People with different ancestries may inherit telomere length differently, according to a new study from the Columbia University Superfund Research Program (SRP) Center. Telomeres are segments at the end of DNA, and telomere length plays an important role in aging and aging-related diseases. This study provides new information about the genes associated with telomere length across populations and highlights the importance of including diverse populations in genome-wide association studies (GWAS).
Although telomere length is a heritable trait, it still can vary considerably between individuals and populations, leading scientists to study how it is passed between generations. Previous studies that have investigated how telomere length is inherited have relied primarily on populations of European descent. In this study, researchers used samples from the Health Effects of Arsenic Longitudinal Study cohort in Bangladesh and found important ancestry-based differences in how telomere length might be passed on.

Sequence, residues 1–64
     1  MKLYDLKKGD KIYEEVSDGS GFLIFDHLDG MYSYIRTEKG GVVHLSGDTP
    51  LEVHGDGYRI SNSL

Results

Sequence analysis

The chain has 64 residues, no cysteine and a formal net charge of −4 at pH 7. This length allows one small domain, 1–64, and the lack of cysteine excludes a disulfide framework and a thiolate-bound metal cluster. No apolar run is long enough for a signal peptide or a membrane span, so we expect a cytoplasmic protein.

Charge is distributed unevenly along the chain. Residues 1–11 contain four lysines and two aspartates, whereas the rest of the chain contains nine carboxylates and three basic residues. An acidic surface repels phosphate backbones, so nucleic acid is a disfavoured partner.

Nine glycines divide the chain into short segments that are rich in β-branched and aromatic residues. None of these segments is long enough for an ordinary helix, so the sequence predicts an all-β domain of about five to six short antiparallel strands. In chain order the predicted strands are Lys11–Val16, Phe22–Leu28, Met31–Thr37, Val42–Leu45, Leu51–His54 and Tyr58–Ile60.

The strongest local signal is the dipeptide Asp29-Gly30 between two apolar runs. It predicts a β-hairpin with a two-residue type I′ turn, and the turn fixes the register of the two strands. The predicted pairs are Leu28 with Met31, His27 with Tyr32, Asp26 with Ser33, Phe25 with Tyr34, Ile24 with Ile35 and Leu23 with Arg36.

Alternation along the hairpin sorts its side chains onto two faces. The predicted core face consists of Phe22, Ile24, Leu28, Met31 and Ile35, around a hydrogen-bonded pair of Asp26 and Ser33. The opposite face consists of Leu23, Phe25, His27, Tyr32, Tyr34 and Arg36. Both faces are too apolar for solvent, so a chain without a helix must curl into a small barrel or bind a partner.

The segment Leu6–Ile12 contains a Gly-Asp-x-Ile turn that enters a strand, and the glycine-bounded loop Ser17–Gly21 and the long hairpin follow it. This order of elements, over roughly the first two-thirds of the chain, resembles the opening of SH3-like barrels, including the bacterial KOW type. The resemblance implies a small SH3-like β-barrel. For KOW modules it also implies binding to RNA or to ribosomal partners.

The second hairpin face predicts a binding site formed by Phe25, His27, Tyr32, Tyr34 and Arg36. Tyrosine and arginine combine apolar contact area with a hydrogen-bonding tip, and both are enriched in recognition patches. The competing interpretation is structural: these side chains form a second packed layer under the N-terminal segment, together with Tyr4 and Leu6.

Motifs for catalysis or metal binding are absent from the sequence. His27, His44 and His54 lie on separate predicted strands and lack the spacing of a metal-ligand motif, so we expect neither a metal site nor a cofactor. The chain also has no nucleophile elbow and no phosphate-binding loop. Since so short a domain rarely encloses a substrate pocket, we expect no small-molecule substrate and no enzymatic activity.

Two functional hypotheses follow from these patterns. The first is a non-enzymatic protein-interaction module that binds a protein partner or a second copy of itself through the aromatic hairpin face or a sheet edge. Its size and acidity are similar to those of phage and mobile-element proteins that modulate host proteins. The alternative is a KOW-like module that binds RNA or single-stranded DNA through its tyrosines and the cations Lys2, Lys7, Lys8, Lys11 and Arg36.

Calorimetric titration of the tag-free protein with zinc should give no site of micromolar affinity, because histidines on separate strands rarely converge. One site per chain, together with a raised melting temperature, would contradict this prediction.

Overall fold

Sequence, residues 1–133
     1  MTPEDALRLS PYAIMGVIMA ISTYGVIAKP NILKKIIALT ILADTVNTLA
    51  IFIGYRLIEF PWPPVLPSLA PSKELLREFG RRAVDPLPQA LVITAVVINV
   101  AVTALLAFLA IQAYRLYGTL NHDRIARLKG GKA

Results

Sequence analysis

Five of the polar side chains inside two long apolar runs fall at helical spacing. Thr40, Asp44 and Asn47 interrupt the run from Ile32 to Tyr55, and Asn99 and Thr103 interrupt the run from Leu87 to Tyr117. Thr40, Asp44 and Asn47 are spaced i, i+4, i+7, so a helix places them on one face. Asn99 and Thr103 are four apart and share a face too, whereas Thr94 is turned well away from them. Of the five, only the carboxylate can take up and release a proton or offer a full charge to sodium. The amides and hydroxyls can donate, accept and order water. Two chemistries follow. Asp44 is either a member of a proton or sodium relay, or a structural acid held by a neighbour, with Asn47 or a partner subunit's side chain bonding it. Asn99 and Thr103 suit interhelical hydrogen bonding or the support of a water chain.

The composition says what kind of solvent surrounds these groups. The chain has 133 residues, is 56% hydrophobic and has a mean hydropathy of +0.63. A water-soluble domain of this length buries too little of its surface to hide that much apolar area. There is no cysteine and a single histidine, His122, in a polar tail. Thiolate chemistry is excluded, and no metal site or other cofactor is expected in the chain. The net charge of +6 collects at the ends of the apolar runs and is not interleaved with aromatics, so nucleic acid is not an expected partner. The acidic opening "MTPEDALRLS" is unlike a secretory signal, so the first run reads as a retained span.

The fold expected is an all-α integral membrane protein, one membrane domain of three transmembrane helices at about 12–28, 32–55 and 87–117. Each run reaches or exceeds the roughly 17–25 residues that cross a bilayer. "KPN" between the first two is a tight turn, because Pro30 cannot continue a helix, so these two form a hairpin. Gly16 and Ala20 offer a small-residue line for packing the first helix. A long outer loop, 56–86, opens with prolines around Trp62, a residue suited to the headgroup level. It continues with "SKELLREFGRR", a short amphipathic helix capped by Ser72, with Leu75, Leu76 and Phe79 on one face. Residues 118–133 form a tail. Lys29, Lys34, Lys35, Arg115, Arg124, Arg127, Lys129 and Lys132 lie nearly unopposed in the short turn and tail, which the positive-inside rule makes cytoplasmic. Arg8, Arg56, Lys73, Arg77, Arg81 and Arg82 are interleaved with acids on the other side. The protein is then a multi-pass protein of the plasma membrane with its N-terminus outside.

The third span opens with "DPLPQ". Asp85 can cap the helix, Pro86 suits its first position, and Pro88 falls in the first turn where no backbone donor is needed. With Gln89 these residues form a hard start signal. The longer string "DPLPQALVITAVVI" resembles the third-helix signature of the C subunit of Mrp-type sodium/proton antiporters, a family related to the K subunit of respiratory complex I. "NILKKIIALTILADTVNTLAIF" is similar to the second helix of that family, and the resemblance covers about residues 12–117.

In addition to replicating some findings from other genome-wide association studies, such as those showing that gene regions called TERT and TERC are related to telomere length, the researchers also identified a new association. The study reports a link between telomere length and a gene region called RTEL1 and, importantly, a distinct second region of RTEL1 that had not been previously identified in relation to telomere length. This specific region of RTEL1 is common in South Asian populations but less so in other populations.